Taxi workers in the late 1960s and through the 1970s struggled against the transformation of their industry from regulated and unionized jobs to deregulated independent contracting work. This meant the loss of collective bargaining rights for taxi workers and a sharp rise in precarious working conditions as employers were able to shift business risk onto workers, cut expenses on benefits, and increase profits in-turn. In a spirited response, taxi workers self-organized and sustained union-like alt labor groups, for example the New York Taxi Workers Alliance in New York and United Taxicab Workers in San Francisco, that fought for better working conditions for taxi workers through municipal and city regulations. My Institute for the Cooperative Digital Economy (ICDE) fellowship work with the Just Transitions Initiative at UCSD follows the case of one such taxi worker advocacy organization in San Diego called United Taxi Workers San Diego (UTWSD). Having successfully fought for regulatory reform for all taxi workers in the past and facing the realities of a shrinking taxi industry in San Diego, UTWSD, in its mission of pursuing taxi worker well being, has turned to a vision of promoting economic democracy through cooperative means.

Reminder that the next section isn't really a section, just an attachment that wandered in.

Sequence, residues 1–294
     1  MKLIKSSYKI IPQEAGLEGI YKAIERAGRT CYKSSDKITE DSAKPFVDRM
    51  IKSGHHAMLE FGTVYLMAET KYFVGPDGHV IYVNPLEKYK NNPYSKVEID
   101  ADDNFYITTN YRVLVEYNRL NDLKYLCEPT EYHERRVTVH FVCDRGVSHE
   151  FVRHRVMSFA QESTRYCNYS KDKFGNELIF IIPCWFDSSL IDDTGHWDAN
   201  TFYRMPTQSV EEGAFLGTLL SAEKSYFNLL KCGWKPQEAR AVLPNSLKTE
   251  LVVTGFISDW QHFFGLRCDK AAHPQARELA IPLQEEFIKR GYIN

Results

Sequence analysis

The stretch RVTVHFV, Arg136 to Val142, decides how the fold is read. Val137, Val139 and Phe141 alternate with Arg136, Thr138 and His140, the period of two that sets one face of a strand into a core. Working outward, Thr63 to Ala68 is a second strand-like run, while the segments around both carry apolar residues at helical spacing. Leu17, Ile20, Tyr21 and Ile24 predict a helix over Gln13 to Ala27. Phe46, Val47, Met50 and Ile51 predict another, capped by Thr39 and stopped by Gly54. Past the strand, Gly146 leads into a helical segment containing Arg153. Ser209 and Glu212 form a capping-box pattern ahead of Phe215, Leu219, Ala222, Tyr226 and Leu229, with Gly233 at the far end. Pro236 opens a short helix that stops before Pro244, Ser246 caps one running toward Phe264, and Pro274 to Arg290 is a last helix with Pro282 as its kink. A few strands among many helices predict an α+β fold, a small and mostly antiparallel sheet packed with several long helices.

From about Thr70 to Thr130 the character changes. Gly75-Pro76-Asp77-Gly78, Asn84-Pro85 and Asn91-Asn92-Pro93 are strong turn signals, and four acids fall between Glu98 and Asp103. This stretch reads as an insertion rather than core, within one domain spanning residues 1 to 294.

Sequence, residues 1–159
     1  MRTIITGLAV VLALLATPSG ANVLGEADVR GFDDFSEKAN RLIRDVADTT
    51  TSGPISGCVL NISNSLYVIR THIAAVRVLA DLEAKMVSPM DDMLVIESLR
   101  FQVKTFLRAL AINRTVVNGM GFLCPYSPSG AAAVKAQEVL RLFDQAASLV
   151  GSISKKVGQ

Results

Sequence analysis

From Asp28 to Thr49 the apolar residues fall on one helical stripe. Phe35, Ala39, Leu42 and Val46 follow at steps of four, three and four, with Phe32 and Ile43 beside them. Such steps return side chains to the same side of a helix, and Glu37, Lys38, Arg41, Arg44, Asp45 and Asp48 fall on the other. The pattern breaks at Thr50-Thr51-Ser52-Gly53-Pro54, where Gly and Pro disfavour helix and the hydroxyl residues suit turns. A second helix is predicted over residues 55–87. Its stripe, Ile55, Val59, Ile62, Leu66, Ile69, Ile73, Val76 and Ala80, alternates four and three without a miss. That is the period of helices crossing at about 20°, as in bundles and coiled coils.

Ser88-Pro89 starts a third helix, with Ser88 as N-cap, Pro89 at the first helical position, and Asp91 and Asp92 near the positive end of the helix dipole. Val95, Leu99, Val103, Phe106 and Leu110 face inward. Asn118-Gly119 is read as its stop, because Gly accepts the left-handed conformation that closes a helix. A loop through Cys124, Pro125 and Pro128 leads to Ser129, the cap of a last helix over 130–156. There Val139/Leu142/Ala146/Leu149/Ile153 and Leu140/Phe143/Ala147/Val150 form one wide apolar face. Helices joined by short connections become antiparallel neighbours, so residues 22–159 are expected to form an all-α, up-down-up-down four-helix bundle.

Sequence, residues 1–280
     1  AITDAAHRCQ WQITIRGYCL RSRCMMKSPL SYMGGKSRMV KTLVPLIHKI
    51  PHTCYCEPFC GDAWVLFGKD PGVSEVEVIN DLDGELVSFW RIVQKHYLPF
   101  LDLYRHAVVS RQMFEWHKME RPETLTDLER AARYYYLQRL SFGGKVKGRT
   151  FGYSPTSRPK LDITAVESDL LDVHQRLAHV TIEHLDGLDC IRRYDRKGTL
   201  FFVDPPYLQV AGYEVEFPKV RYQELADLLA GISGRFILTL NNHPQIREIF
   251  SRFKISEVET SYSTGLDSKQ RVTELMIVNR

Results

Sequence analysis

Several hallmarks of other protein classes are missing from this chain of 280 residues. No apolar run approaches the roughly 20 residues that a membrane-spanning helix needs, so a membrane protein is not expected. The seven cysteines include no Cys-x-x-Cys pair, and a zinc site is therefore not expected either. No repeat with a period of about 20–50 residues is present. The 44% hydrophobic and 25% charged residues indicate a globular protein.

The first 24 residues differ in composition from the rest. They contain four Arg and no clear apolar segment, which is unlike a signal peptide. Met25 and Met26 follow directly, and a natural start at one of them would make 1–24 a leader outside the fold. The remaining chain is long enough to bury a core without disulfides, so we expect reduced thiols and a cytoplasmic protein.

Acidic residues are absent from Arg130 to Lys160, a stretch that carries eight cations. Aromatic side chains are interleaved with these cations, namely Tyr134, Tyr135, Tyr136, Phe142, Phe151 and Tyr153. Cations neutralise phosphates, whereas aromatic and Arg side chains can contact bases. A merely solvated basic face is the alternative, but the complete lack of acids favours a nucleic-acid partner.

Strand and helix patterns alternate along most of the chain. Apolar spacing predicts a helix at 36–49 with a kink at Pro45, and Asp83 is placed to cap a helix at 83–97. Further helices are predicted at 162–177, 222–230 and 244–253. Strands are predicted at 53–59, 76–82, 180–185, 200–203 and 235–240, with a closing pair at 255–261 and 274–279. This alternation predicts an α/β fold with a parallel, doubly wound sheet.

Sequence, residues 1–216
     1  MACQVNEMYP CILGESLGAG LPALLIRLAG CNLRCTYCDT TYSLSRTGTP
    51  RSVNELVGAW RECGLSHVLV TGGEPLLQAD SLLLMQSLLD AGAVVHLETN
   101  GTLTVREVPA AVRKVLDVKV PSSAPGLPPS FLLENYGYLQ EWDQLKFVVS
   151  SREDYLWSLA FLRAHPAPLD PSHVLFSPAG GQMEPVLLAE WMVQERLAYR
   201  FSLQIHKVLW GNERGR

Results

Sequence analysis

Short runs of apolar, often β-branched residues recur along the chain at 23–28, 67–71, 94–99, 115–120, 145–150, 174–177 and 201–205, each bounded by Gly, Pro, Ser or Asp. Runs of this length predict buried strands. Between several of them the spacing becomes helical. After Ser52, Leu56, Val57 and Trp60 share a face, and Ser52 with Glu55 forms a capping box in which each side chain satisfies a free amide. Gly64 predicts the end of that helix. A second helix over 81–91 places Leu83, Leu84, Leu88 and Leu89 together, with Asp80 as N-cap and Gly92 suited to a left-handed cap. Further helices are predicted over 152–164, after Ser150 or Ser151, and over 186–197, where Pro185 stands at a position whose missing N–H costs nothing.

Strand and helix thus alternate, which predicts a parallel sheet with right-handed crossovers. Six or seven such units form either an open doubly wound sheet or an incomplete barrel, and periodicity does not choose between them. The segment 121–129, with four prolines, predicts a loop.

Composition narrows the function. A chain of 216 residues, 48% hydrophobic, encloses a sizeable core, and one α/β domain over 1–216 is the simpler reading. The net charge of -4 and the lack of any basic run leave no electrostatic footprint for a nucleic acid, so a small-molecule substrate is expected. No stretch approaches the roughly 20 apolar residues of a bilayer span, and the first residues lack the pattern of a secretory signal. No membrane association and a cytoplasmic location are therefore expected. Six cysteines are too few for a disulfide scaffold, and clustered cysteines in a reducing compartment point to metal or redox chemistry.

United Taxi Workers San Diego: Mission and Struggle
United Taxi Workers San Diego (UTWSD) is an immigrant-led worker advocacy organization, uniting taxi drivers across races and ethnic groups to achieve better working conditions. They formed after a historic strike for taxi workers in 2009, taking a stand against exploitation by cab company owners. They have overcome racism, exploitative regulations, and institutional exclusion through policy advocacy and direct action. Throughout these efforts, UTWSD has established a legion of allies among lawyers, labor organizers, researchers, volunteers, and political leaders.